Ella Wheeler Wilcox
Ella Wheeler Wilcox was an American author and poet. Her best-known work was Poems of Passion. Her most enduring work was " Solitude", which contains the lines: "Laugh, and the world laughs with you; Weep, and you weep alone". Her autobiography, The Worlds and I, was published in 1918, a year before her death.
Ella Wheeler was born in 1850 on a farm in Johnstown, Wisconsin, east of Janesville, the youngest of four children. The family soon moved north of Madison. She started writing poetry at a very early age, and was well known as a poet in her own state by the time she graduated from high school.
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Ella Wheeler Wilcox Poems
Laugh, and the world laughs with you; Weep, and you weep alone. For the sad old earth must borrow its mirth, But has trouble enough of its own.
"It Might Have Been"
We will be what we could be. Do not say, "It might have been, had not this, or that, or this." No fate can keep us from the chosen way; He only might who is.
A Fallen Leaf
A trusting little leaf of green, A bold audacious frost; A rendezvous, a kiss or two, And youth for ever lost.
A Lovers' Quarrel
We two were lovers, the Sea and I; We plighted our troth ‘neath a summer sky. And all through the riotous ardent weather
A March Snow
Let the old snow be covered with the new: The trampled snow, so soiled, and stained, and sodden. Let it be hidden wholly from our view By pure white flakes, all trackless and untrodden.
A Golden Day
The subtle beauty of this day Hangs o'er me like a fairy spell, And care and grief have flown away, And every breeze sings, "all is well."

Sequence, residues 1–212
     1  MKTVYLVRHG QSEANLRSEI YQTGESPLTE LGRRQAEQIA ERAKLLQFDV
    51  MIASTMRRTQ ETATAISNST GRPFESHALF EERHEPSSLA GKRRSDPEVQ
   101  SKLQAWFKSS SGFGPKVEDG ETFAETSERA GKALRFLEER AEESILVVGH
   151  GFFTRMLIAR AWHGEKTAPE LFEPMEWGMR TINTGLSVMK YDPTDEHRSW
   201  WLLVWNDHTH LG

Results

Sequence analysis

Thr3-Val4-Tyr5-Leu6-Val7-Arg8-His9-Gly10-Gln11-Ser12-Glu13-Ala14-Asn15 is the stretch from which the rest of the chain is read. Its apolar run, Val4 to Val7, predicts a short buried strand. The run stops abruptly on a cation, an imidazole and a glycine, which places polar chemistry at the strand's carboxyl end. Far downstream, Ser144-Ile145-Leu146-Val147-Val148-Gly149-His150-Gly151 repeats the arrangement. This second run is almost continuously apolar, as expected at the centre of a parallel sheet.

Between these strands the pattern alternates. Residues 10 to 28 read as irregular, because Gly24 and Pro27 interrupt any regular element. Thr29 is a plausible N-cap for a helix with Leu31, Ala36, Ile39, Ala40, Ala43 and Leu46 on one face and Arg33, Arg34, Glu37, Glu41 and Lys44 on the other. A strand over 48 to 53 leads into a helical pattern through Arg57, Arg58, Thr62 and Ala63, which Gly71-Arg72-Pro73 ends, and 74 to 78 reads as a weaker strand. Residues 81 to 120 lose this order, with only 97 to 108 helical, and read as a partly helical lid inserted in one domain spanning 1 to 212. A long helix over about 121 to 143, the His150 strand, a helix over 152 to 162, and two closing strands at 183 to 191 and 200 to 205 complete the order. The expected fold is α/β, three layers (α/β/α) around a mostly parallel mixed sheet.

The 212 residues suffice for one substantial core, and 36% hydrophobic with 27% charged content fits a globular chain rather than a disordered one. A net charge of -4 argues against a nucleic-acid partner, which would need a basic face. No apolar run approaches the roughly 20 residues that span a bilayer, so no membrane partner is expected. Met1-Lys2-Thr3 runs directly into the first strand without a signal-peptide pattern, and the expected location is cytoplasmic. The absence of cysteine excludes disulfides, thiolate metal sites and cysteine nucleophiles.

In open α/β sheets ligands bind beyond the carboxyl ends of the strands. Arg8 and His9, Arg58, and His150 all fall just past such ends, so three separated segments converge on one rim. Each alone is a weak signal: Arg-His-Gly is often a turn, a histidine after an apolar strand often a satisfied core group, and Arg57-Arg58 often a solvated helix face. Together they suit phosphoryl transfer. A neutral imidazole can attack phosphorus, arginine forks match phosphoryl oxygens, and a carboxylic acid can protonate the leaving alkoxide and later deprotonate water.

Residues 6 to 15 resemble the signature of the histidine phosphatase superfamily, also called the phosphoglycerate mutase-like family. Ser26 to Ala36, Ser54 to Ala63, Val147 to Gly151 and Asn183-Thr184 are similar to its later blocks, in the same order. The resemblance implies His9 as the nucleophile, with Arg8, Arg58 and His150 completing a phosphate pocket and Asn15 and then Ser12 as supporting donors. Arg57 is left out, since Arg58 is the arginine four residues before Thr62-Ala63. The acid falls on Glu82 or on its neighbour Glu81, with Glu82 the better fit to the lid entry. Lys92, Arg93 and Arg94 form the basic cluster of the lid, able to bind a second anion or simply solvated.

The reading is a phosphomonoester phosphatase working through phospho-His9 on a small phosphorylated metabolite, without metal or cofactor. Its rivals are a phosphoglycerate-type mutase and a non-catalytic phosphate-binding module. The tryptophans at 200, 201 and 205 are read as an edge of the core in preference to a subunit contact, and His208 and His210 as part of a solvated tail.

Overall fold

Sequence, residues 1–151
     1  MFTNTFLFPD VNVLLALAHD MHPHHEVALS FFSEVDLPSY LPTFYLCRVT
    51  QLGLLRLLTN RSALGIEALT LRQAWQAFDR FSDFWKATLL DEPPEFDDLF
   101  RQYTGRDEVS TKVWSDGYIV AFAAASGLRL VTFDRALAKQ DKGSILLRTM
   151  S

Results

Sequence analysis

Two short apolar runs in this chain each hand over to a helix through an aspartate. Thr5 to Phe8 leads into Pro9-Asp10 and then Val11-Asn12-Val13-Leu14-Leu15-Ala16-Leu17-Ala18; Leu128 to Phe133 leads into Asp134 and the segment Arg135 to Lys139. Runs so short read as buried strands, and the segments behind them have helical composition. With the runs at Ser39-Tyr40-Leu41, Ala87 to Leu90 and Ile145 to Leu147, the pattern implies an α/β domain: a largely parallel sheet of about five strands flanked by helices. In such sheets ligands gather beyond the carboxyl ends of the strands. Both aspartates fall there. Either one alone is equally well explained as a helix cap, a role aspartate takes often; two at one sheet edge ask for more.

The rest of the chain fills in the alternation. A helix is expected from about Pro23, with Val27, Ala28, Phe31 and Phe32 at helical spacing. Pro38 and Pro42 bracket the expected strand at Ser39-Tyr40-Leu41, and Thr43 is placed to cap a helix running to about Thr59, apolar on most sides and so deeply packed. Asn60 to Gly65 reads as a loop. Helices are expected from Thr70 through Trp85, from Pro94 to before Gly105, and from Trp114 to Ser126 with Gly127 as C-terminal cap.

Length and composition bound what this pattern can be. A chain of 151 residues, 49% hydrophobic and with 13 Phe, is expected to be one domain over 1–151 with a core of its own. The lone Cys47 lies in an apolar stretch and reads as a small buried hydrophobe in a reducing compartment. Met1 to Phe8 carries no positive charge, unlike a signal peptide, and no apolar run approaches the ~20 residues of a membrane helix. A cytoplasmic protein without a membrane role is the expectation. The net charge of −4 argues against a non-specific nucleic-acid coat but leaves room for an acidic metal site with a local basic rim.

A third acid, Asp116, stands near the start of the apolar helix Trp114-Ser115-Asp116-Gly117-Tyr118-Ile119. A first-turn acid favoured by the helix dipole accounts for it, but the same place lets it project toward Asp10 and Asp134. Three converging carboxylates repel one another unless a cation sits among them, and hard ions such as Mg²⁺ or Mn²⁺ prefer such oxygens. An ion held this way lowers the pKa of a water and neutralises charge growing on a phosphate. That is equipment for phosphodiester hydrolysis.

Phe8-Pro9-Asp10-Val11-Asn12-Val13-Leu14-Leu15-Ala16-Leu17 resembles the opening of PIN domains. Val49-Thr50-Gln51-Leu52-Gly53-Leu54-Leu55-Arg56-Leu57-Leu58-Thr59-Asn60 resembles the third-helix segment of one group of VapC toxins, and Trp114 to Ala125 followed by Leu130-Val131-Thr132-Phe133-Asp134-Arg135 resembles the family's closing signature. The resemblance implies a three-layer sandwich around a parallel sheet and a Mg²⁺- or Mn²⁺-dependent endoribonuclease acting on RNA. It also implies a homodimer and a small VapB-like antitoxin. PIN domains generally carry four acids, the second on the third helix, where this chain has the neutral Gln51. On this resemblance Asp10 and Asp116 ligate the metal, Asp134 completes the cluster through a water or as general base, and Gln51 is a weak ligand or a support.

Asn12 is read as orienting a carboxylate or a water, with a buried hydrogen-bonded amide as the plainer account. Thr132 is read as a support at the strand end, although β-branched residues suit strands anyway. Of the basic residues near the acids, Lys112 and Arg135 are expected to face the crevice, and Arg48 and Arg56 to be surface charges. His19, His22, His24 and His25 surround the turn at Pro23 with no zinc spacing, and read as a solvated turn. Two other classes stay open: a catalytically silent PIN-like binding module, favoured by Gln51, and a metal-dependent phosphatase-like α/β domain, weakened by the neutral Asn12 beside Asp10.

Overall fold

As You Go Through Life
Don’t look for the flaws as you go through life; And even when you find them, It is wise and kind to be somewhat blind And look for the virtue behind them.
The Wife The house is like a garden, The children are the flowers, The gardener should come methinks
A Maiden To Her Mirror
He said he loved me! Then he called my hair Silk threads wherewith sly Cupid strings his bow, My cheek a rose leaf fallen on new snow; And swore my round, full throat would bring despair
A Song Of Life
In the rapture of life and of living, I lift up my head and rejoice, And I thank the great Giver for giving The soul of my gladness a voice.
A Grey Mood
As we hurry away to the end, my friend, Of this sad little farce called existence, We are sure that the future will bring one thing, And that is the grave in the distance.
A Baby In The House
I knew that a baby was hid in that house, Though I saw no cradle and heard no cry; But the husband was tip-toeing 'round like a mouse, And the good wife was humming a soft lullaby;
They say the world is round, and yet I often think it square, So many little hurts we get From corners here and there.
It is easy enough to be pleasant, When life flows by like a song, But the man worth while is one who will smile, When everything goes dead wrong.
(4 April 1928 - 28 May 2014)
(March 26, 1874 – January 29, 1963)
(10 December 1830 – 15 May 1886)
(26 April 1564 - 23 April 1616)
(12 July 1904 – 23 September 1973)
Edgar Allan Poe
(19 January 1809 - 7 October 1849)
(1 February 1902 – 22 May 1967)
(31 May 1819 - 26 March 1892)
(31 October 1795 – 23 February 1821)
Laugh, and the world laughs with you;
Weep, and you weep alone.
For the sad old earth must borrow it's mirth,
But has trouble enough of its own.
Sing, and the hills will answer;
Sigh, it is lost on the air.
The echoes bound to a joyful sound,
But shrink from voicing care.
Rejoice, and men will seek you;
Grieve, and they turn and go.
They want full measure of all your pleasure,
But they do not need your woe.
Be glad, and your friends are many;
Be sad, and you lose them all.
There are none to decline your nectared wine,
But alone you must drink ...